Monday, 27 May 2019

Book Notice: Downsizing With Family History in Mind

Browsing recently published books on, see the list for classification  Reference : Last 30 days : "Family History",  I came across Downsizing With Family History in Mind independently published by Texas-based authors Devon Noel Lee and Andrew Lee.

Many genealogy friends and acquaintances have or are facing downsizing so the topic is pertinent. I've not read it so I'm in no position to comment one way or the other on the value of the content.

The author's blurb is:
Whether you have 1 hour or 1 year to downsize your possessions or those of a loved one, the task is overwhelming and fraught with error. Downsizing with Family History in Mind guides you through the process with Action Plans based on the time you have available to complete the downsizing process. You will also learn how to evaluate your possessions so you know what to keep to preserve your family's legacy and what you can give away. Learn why when you have less, you have more, through Downsizing with Family History in Mind.
Other books by these authors, individually or together are:
Family History Scrapbooking Simplified
A Recipe for Writing Family History
Power Scrapbooking
DNA Q and A: Real Questions from Real People about Genetic Genealogy
Reimagine Family History
Passing Your History On
Preserve the Perishable
There's lots more on their Family History Fanatics website/blog.

by Devon Noel Lee (Author), Andrew Lee (Author)
Paperback: 196 pages
Publisher: Independently published (May 16 2019)
Language: English
ISBN-10: 1097979733
ISBN-13: 978-1097979738
Product Dimensions: 15.2 x 1.1 x 22.9 cm
Shipping Weight: 354 g

Recognition for finding "lost" Canadians: Dirk Decuypere

Since 2009, Dirk Decuypere has been working to identify the remains of soldiers in the community of Langemark- Poelkapelle, Belgium, near where he lives. His efforts have resulted in the proper identification and burial of two fallen Canadian pilots, who now have a known grave. His work included identifying the war grave of Lieut. Lindsay Drummond, a descendant of the family that gave its name to Pinhey's Point Historic Site.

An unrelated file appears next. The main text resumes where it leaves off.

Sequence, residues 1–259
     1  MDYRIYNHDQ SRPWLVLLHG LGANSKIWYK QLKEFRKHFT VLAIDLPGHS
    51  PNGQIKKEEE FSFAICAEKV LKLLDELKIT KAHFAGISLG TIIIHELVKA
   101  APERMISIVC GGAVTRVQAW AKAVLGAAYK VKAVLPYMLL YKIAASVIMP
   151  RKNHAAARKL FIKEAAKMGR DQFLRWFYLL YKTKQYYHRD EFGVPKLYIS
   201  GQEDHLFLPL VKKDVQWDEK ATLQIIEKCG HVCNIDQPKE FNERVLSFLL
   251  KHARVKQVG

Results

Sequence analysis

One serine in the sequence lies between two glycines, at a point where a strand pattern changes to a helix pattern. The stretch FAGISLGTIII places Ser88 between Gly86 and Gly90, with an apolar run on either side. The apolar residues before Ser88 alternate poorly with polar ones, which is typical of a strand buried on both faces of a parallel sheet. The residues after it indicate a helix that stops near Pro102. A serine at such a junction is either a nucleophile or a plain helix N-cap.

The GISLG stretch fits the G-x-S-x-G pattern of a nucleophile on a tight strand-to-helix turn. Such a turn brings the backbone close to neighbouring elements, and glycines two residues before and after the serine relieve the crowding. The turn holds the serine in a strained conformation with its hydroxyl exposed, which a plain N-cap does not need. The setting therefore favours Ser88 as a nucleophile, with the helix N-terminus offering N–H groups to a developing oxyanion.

The recognition was the Sovereign’s Medal for Volunteers awarded on the advice of a Committee appointed by the Governor General for “significant, sustained and unpaid contributions to their community in Canada or abroad” and who have “demonstrated an exemplary commitment through their dedicated volunteerism.

This is a signal honour for Mr. Decuypere. Of the 4,526 awards made since 1996 only seven have been made to non-Canadians.

The Sovereign's Medal for Volunteers bestowed on Dirk Decuypere from Ivan Lietaert on Vimeo.

News of this award came in the latest issue of the Horaceville Herald, the journal of the Pinhey's Point Foundation. Also in the issue are articles on the 2018 Dunrobin tornado, the late Bill Teron, the 200th anniversary of the Tipperary emigration, Ottawa Citizen back issues searchable, and more.

Sunday, 26 May 2019

FamilySearch British Updates

On 21 May the following additions/changes to FamilySearch were posted:

England, Hampshire Parish Registers, 1538-1980, 2,324,728 records
These are transcripts with some linked images viewable at Family History Centres and affiliate libraries. Sourced from the Hampshire Record Office.
Looking for more help on Hampshire? Try Hampshire Guided Research

Great Britain, War Office Registers, 1772-1935, 390,636 records
Sourced from The (UK) National Archives in Kew in WO 25, this collection contains regimental descriptions, succession books, commissions, appointments, descriptions, returns of services, casualties, half pay, pensions, gratuities. The content depends on the type of record but typically gives age; birthplace; type, place and date of event in addition to the name. Viewing the linked images is restricted to FHCs and affiliate libraries.

Sunday Sundries